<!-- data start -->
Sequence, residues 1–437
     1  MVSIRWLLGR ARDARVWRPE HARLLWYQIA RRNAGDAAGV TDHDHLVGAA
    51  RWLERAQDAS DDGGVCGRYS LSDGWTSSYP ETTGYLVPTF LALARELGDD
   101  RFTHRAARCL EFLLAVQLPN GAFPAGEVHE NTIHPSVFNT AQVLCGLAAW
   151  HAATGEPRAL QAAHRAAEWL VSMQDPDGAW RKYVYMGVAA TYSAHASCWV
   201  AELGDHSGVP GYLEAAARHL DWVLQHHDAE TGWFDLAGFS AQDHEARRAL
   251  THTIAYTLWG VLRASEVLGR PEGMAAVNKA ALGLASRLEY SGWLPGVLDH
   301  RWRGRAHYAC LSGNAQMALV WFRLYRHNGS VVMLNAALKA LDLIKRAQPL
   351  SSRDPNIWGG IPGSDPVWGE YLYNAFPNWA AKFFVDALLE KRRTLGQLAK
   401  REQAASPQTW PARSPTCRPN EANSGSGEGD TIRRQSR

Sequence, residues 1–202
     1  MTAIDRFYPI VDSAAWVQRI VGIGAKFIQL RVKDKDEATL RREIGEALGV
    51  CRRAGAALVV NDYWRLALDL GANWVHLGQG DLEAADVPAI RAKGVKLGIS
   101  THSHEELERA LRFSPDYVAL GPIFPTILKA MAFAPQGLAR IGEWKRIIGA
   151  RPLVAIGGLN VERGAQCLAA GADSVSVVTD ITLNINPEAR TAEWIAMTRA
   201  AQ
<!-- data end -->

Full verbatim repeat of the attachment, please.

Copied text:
Sequence, residues 1–437
     1  MVSIRWLLGR ARDARVWRPE HARLLWYQIA RRNAGDAAGV TDHDHLVGAA
    51  RWLERAQDAS DDGGVCGRYS LSDGWTSSYP ETTGYLVPTF LALARELGDD
   101  RFTHRAARCL EFLLAVQLPN GAFPAGEVHE NTIHPSVFNT AQVLCGLAAW
   151  HAATGEPRAL QAAHRAAEWL VSMQDPDGAW RKYVYMGVAA TYSAHASCWV
   201  AELGDHSGVP GYLEAAARHL DWVLQHHDAE TGWFDLAGFS AQDHEARRAL
   251  THTIAYTLWG VLRASEVLGR PEGMAAVNKA ALGLASRLEY SGWLPGVLDH
   301  RWRGRAHYAC LSGNAQMALV WFRLYRHNGS VVMLNAALKA LDLIKRAQPL
   351  SSRDPNIWGG IPGSDPVWGE YLYNAFPNWA AKFFVDALLE KRRTLGQLAK
   401  REQAASPQTW PARSPTCRPN EANSGSGEGD TIRRQSR

Sequence, residues 1–202
     1  MTAIDRFYPI VDSAAWVQRI VGIGAKFIQL RVKDKDEATL RREIGEALGV
    51  CRRAGAALVV NDYWRLALDL GANWVHLGQG DLEAADVPAI RAKGVKLGIS
   101  THSHEELERA LRFSPDYVAL GPIFPTILKA MAFAPQGLAR IGEWKRIIGA
   151  RPLVAIGGLN VERGAQCLAA GADSVSVVTD ITLNINPEAR TAEWIAMTRA
   201  AQ